Panama was another great experience.  I joined the Isthmus Roadrunners, a local running team, and we put on quite a few runs and the first ever triathlon with my urging.  We swam in an inlet off the Panama Canal with the water so dark you couldn’t see anything including your hands, biked nearby and then a dirt road run.  We had people come from as far away as Columbia for the Primer Triatlon de Panama. Trophies were very expensive so I took some of mine and replaced the women runners with men and took off the plaques and presented them. It was very well received as people loved trophies.   I competed in the Marathon of the Americas for the two years we were there.  It was run on the Atlantic side and started at 330 AM due to the heat. It was totally, I mean totally dark.  Don rode his bike with a headlamp to show us the course.  You could see all the crabs scuttle out of the way and everyone jumped when a stick was spotted thinking it was a snake.

We moved to Virginia Beach for a couple of years after that and then to Honolulu for 7 years.  I kept doing running races and a rare triathlon. Getting to Hawaii in 1984 really stoked the triathlon juices though and everyone, of course, knew the Ironman.  I hoped to do it someday but wasn’t sure I could swim that far. The day after I qualified for my first Kona in 1989 (which was only 6 weeks before the race) I went down to the ocean to swim two miles to be sure I could do it in the cut-off time.  I was just finishing the bike portion when Mark Allen and Dave Scott were ending their run on the Queen K at the top of Pay and Save hill. That was inspiring but I just wanted them and all the media trucks out of the way so I could finish the biking. I successfully completed the race on minimal training and decided I definitely wanted to do it again someday when I had trained for it.  That didn’t happen until 1991 when I placed 3rd after exiting the water in 30th.  Swimming is still my weak part.

Craig: What advice would you share with someone who is sitting on the fence and has not jumped into endurance sports but wants to?

Diane: After a half marathon trail run in Colorado I had a guy point to my t-shirt and say “I would like to do that someday but I don’t think I can.”  I was wearing a Leadville 100 shirt, which for those of you who don’t know, is a 100 mile trail run around the mountains outside of Leadville, Colorado.  I told him, “well that is your first problem.  Don’t say I am not sure I can do that.  You can.”  Positive thinking is the most necessary aspect of endurance events, whether short or long.  He said that he worked full time and I said so did I. I agreed to meet with him and talk and he ran the race successfully the next year and the next, and the next…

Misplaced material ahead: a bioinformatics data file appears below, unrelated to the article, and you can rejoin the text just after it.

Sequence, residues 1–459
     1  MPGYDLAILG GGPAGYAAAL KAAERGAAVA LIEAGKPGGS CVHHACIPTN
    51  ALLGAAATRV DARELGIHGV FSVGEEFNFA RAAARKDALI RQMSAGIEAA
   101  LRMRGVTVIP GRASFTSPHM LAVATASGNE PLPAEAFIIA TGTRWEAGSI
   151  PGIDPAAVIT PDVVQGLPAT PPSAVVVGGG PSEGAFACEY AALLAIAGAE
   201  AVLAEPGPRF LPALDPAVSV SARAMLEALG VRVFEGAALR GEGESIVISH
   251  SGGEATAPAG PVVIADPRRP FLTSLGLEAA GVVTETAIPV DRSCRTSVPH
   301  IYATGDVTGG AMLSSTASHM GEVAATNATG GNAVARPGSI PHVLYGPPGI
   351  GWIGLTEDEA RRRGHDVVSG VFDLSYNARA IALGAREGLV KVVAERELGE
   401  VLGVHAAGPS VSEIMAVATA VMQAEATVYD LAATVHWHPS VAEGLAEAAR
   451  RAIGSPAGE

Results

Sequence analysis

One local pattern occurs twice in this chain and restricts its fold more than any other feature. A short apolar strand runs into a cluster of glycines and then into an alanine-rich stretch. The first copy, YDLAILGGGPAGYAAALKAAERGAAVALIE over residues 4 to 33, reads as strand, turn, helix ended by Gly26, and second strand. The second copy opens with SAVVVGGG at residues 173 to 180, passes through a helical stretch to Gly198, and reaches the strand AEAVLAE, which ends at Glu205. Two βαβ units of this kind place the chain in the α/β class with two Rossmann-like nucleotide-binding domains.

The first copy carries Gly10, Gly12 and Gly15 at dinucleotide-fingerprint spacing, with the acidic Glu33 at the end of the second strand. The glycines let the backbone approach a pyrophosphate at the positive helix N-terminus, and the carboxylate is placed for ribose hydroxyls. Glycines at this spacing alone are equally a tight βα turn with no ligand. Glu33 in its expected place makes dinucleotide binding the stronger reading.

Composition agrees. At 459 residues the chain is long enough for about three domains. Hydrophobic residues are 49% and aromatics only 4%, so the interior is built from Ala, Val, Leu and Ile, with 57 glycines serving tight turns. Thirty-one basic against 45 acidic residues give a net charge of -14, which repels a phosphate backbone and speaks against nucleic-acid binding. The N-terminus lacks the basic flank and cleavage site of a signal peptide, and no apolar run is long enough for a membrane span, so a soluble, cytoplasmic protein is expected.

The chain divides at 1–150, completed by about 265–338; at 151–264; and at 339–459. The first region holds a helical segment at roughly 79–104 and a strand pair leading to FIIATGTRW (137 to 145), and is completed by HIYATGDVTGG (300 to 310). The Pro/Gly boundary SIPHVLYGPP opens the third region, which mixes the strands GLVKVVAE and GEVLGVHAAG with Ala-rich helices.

The thing is, we are all busy, but if you really want something you can find time.  And it is never too late to start.  Remember I had never run until I was 30. I would love to see more women in older age groups especially.  During the time we lived in Colorado (we moved here 2 years ago) I was doing ultras and Ironman. I used to run 18 miles to work one day a week and had to leave my house at 330 AM to accomplish that.   But I needed the mileage and it was a way to get it aside from using time I could be spending with my family.

Craig: How have you involved your children and grandchildren in your sporting life?

Diane: Throughout my athletic career I have kept my family first and arranged training around their schedule.  Sometimes I drove them to this or that practice and ran while they were practicing or had them ride their bike along me running.  They needed little encouragement in sports and were playing soccer when they were 5 and 6.  That’s the norm now, but it wasn’t 40 years ago when soccer was in its infancy here. They participated in all the team sports and decided running was fun also especially when they began winning the under 12 division.  Then came the 13-19 year age group and they lost interest as they could not be competitive with a 19 year old.